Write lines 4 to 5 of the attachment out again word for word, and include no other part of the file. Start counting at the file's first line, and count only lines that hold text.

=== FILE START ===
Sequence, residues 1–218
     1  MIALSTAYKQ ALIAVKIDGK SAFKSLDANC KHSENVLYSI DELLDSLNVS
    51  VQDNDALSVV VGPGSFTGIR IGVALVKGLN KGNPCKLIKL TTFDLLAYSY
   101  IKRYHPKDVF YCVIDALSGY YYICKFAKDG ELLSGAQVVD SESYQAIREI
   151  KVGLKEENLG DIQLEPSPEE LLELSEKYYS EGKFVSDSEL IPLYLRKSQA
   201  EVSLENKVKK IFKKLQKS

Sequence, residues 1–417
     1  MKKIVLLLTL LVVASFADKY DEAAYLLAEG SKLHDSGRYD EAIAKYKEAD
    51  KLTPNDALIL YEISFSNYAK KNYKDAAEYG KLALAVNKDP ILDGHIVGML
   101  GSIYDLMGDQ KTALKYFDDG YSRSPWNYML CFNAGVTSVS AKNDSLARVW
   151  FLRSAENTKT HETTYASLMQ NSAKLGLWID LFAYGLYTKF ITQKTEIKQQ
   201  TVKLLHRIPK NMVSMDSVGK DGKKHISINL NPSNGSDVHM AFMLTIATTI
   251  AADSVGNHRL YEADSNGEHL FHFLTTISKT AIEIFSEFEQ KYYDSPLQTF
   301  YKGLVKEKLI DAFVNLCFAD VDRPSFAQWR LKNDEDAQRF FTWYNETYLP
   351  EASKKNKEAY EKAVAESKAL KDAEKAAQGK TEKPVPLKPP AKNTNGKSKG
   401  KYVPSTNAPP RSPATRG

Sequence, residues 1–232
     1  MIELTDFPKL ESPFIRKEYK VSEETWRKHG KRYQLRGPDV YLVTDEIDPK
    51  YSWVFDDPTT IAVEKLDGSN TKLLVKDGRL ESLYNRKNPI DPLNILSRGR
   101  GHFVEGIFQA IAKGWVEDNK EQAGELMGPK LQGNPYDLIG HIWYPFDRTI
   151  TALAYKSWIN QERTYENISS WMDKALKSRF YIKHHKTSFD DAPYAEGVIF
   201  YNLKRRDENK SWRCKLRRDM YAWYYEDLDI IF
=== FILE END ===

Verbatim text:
   101  IKRYHPKDVF YCVIDALSGY YYICKFAKDG ELLSGAQVVD SESYQAIREI
   151  KVGLKEENLG DIQLEPSPEE LLELSEKYYS EGKFVSDSEL IPLYLRKSQA